All demo content is for sample purposes only, intended to represent a live site. Please use the RocketLauncher to install an equivalent of the demo, all images will be replaced with sample images.

6 October 2018

The Cajun Holy Trinity consists of bell pepper, onion, and celery, and makes up the base of much of Cajun and Creole cuisine. It is the area’s version of the French mirepoix.

People ask me quite frequently, as a Cajun and Creole food lover and cook – what is the Cajun Holy Trinity?

The short answer is this: The Cajun Holy Trinity is a mix of three ingredients – green bell peppers, onions and celery.

Together, these three simple ingredients form the base of Cajun and Creole cuisine. On their own they might not seem like much, but together they are a veritable powerhouse of flavor and help to make Louisiana cooking what it is.

But it’s much more than that.

What is the Cajun Holy Trinity?

The French have the mirepoix – carrots, onion and celery – and French cuisine has heavily influenced Cajun and Creole cooking. When the French landed in Louisiana, they quickly found that carrots do not grow well in the Louisiana soil, so replaced them with bell peppers.

So, the Cajun Holy Trinity consists of bell peppers, onion and celery.

It is essential for numerous popular dishes that originate from Louisiana, including gumbo, fricassee, jambalaya, etouffee and so much more.

See my recipes below to which the holy trinity are essential.

The Cajun Holy Trinity is also often called “the holy trinity” or “the holy trinity of Cajun cooking”.

History of the Cajun Holy Trinity

After the Acadians and French Catholics were sent packing from Canada by the British, they traveled and settled in Louisiana in and around New Orleans. Interestingly, the word “Cajun” is actually slang for “Acadian” as pronounced by the English-speaking locals of Louisiana, and hence, the term “Cajun” was born.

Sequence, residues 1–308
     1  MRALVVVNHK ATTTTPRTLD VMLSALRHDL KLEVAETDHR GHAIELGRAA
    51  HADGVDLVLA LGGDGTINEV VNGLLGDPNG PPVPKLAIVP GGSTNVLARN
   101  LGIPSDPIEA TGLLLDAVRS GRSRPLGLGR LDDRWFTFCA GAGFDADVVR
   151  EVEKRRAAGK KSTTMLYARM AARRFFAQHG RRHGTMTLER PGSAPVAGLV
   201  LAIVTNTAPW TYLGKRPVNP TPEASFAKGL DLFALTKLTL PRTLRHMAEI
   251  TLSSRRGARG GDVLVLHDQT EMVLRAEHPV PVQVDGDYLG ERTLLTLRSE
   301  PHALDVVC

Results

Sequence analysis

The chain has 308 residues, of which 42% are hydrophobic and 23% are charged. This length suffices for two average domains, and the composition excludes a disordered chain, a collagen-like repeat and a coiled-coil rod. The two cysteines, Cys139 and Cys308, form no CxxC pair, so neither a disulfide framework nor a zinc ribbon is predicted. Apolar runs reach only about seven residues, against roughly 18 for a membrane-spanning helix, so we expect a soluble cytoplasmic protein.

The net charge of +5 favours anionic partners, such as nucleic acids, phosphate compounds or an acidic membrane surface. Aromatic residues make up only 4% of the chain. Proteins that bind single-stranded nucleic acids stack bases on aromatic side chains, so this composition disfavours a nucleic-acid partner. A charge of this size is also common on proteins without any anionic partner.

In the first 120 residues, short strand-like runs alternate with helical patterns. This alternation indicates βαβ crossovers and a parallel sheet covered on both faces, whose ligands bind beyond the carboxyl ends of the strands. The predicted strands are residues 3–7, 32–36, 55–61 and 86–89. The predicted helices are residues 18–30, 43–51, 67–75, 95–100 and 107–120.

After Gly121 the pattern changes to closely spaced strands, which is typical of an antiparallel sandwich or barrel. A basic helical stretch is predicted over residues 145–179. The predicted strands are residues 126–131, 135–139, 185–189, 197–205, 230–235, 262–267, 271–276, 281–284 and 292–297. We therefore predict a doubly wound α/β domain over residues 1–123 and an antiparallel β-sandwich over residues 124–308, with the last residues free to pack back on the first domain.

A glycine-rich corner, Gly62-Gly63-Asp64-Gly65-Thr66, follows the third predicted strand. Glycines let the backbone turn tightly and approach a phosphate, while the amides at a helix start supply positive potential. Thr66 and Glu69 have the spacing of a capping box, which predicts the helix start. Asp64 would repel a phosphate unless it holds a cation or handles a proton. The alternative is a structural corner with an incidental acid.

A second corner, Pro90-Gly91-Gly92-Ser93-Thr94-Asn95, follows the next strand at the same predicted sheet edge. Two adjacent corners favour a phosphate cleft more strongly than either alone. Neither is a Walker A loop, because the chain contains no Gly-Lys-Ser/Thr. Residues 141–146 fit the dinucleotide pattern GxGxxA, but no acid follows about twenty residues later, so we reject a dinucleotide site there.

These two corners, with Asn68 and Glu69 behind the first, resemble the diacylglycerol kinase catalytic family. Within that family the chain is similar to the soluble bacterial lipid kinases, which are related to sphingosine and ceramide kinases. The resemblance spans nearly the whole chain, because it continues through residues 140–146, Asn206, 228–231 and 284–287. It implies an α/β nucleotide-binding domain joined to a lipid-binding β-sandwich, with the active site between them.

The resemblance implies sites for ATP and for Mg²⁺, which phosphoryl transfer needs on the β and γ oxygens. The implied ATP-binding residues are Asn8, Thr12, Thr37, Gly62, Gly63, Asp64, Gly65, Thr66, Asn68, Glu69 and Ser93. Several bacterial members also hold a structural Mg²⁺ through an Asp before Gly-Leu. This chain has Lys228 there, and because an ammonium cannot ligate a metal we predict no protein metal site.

They quickly discovered that the local soil didn’t allow for growing carrots, which comprises the original French Mirepoix – carrots, onions and celery – so replaced them with bell peppers, which are much easier to grow in the area.

This is how the Cajun Holy Trinity was born.

When chopped and cooked in oil, butter, or lard, their amazing flavor combination is released.

Even though Cajun cuisine has been cooking with the holy trinity for generations, the terms “holy trinity” wasn’t actually coined until chef Paul Prudhomme used it in the last 1970s or early 1980s, to highlight its importance in local cuisine.

Cajun Holy Trinity Vs. French Mirepoix

The very simple comparison is that French Mirepoix consists of onions, celery and carrots, whereas the Cajun Holy Trinity consists of onions, celery and bell peppers.

Both form the base of their cuisine, but they also different in ratio.

The Cajun Holy Trinity Ratio

The holy trinity of Cajun cooking typically uses a 1:1:1 ratio of bell peppers to onions to celery. This differs from the French Mirepoix, which typically uses a ratio of 1:2:1 of carrots to onions to celery.

Garlic is also sometimes added as well, which I personally love. When garlic is added, it is called “with the Pope”.

Making the Cajun Holy Trinity

To make the Cajun Holy Trinity, measure out your bell pepper, onion and celery, then chop them finely with a knife.

As an enhancement, garlic is often used as well. From there, you are free to include other ingredients and seasonings as your recipe calls for.

It is as simple as that.

Cooking with the Holy Trinity

The onions, celery and bell pepper are typically cooked in oil or butter in a pan until softened. After this, you can proceed with the recipe as written.

However, it is also often cooked into a roux, which is a slurry of either butter or oil and flour. The roux is cooked until a specific color is achieved, after which the holy trinity is added to cook. Then, a stock is added to thicken it up.

Check Out Some of My Cajun and Creole Recipes

All of these recipes require the Cajun Holy Trinity. Time to get cooking!

Check out my Foodie Trip to New Orleans or my post on Gumbo Vs. Jambalaya: What’s the Difference?

Got any questions? Ask away! I’m happy to help. If you enjoy this recipe, I hope you’ll leave a comment with some STARS.Also, please share it on social media. Don’t forget to tag us at #ChiliPepperMadness. I’ll be sure to share! Thanks! — Mike H.